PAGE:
STOCKTON -- In the center of a starkly lighted wrestling ring, RJ Brewer glared at the overwhelmingly Latino crowd and spread the flag of Arizona across his back.
Buff, mean, white and glistening with baby oil, he snatched the microphone from the referee. “I come from the greatest city in the United States: Phoenix, Arizona!” the wrestler yelled in English. “Phoenix is the only city with a woman in power with the guts to get into the president’s face and address the real problem in this country!”
The audience knows that the “problem” he is referring to is illegal immigration. And the woman is his so-called mother — conservative Arizona Gov. Jan Brewer, who signed the nation’s toughest law against illegal immigrants.
“You suck, RJ Brewer!” screamed 9-year-old Felipe Soria, spiky-haired and looking like a brown-skinned Bart Simpson. Chants of “Mexico! Mexico!” echoed through the packed arena.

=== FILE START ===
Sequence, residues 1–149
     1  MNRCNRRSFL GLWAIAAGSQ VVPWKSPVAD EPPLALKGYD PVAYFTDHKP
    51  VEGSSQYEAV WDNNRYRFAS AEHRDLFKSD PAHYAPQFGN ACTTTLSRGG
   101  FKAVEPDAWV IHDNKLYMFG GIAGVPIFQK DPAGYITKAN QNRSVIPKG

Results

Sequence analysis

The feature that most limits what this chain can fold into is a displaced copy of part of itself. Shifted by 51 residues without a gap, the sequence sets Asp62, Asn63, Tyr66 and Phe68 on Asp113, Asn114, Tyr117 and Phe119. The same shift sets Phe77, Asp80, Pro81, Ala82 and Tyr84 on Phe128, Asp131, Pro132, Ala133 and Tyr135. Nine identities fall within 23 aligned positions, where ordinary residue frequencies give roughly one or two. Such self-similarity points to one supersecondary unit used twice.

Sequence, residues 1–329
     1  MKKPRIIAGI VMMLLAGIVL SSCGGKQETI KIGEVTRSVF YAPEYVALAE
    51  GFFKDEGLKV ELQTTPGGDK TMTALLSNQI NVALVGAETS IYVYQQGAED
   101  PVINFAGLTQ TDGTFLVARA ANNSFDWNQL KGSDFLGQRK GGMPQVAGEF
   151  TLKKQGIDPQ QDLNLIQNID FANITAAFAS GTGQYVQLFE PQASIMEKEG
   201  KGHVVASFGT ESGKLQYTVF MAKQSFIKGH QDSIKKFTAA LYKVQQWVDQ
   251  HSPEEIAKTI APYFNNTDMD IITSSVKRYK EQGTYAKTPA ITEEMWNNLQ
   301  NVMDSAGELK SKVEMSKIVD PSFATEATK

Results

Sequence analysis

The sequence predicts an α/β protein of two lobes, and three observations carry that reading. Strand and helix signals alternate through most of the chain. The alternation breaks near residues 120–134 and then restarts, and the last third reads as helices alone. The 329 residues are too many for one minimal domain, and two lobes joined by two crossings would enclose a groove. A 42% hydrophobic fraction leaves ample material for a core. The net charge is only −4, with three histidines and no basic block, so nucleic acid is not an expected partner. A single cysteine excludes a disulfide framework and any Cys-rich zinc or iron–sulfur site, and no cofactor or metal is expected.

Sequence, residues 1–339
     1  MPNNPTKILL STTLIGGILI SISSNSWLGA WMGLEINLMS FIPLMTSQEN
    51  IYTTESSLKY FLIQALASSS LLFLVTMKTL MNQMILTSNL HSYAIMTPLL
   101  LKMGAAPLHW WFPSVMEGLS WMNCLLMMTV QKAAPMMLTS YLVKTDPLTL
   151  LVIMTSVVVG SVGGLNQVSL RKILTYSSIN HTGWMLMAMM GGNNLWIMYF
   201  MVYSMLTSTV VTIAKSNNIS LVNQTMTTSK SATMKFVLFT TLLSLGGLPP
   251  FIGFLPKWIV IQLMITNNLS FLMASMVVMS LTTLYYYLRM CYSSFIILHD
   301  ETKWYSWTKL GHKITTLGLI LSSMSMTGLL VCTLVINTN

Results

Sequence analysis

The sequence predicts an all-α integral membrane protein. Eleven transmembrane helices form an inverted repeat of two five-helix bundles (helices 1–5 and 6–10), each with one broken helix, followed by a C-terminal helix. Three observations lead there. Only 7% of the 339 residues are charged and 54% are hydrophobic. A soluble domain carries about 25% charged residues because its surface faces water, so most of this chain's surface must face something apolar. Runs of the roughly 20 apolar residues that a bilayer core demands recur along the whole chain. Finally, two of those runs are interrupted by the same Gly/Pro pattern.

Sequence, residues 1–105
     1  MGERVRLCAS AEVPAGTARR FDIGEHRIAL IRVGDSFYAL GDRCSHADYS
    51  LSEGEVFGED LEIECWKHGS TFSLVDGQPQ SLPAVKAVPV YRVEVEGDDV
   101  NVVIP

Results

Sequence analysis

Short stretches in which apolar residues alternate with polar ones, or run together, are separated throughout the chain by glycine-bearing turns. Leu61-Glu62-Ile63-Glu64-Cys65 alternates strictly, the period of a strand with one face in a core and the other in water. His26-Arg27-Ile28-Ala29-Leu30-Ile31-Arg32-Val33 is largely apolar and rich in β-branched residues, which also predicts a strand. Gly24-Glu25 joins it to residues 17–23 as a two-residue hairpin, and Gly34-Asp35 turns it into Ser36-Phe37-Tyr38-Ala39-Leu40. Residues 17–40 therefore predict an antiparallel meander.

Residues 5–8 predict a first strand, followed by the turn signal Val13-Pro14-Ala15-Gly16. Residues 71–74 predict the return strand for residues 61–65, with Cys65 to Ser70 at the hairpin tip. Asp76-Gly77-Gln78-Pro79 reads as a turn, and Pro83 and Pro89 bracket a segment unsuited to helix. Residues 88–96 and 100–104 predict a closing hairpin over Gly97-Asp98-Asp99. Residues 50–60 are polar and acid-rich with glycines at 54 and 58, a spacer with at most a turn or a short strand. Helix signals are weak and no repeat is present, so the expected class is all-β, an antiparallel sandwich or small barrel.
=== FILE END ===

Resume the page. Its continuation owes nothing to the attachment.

Brewer taunted back: “How dare you boo an American hero!”
Characters are the stock in trade of pro wrestling, drawing audiences into its epic battles of good versus evil. And “RJ Brewer” — a shaved-headed, in-your-face crusader against illegal immigration created two years ago by the Mexican American wrestling promotion company Lucha Libre USA — is el mero malo, the chief bad guy.
Brewer (he won’t say what, if anything, the RJ stands for) has wrestled his way across the Southwest on the “Masked Warriors” tour, to almost entirely hostile crowds. They boo and heckle nonstop. They throw popcorn, lemons, pretzels and beverages at him. They swear at him in Spanish.
“Es un racista!” said Cristian Sanchez, a 19-year-old clutching a green mask, screaming himself hoarse. “I know he’s a racist! … viva Mexico!”
For his part, Brewer is defiant, questioning the legal status of his opponents, bragging about his powerful “mother” and taking potshots at the quality of Mexican beer.